Tuesday, August 19, 2014

I Have a Laptop but can't use my Lap!





It’s going to take some getting used to, writing on a laptop, that is. The machine isn’t a real laptop but rather the case of one, the screen of another and the enternals put together with having a cheap and reliable computer so I can write when I am not at home. It case you missed it I have the world worst handwriting and it has never gotten any better.  I looked at a few dozen laptops and noticed one thing they all have in common; inconsistent reviews. And to get what I wanted would have taken more money than I wanted to spend on what is basically a writing tablet with a keyboard.

I’ve been writing lately while drinking coffee in a place that sells coffee, not to give a chain store a free plug. I like the atmosphere of writing in that place. The smell of coffee is incredible and there are always people who look interesting walking in. Women with tattoos go there and I always wonder what the ink means to those wearing it. You might look at the leg of a woman and that leg be covered entirely with tattoos and you might think, “It’s just a bunch of stuff that doesn’t mean anything” but what if each and every image is intensely personal? It’s not only beauty and art melded onto one of nature’s greatest wonders, the female human body, but those images might tell a story only she can translate for you. If you approach her in the right frame of mind she might tell you. But remember she might not like you asking. Showing doesn’t mean she’s obligated to tell.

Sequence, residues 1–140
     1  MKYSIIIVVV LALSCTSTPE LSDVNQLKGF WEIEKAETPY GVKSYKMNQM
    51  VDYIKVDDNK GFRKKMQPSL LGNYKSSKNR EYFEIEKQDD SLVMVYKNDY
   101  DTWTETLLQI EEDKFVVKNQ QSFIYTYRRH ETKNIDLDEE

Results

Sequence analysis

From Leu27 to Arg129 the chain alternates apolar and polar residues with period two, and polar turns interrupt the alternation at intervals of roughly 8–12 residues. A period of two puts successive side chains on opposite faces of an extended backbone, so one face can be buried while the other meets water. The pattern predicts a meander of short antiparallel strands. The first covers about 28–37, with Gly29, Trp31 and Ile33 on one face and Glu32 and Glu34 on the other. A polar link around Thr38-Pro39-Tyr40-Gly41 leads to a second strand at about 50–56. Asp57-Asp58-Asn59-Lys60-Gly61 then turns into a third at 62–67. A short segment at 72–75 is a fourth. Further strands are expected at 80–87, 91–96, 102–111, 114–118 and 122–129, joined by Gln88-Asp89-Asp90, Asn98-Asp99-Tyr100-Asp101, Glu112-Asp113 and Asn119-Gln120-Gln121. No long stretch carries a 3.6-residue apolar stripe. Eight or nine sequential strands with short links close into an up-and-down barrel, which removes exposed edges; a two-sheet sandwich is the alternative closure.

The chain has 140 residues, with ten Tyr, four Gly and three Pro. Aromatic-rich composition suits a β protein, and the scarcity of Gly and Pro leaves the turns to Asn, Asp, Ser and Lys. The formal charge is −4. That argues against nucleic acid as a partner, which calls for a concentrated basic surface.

I’ve had people stop and ask me what I was writing and it depends a lot on how they approached me and their body language. I have some Chow Dog in me because I just don’t like people getting all up and close to me without me knowing ahead of time, a couple of days’ notice is fine, and talking to me. Don’t assume I’m going to read to you or a tattooed woman is going to show you her life’s story. She doesn’t have to wear a burka to get some personal space and I don’t have to share my writing with you simply because I’m in public.

There have been times I’ve played Sudoku on my phone and really wished I had a laptop so I could write. Maybe it would only be enough to get a few hundred words down but that would be writing I could build on later or maybe it was a moment that felt different. It doesn’t really matter, you know. This is a device that will facilitate writing and therefore it is good. The downside to having a new machine is now I am going to have to retrain spell check out of its third grade vocabulary.

Honestly, if you can write a couple of paragraphs and suddenly realize you’re using words that Microsoft Word hasn’t seen fit to include into its lexicon this bodes ill for writing a novel with the same software, I evince. Back when I was working with Word Perfect the program would let you see the words you had added. I’m still trying to figure out how to do that with Word.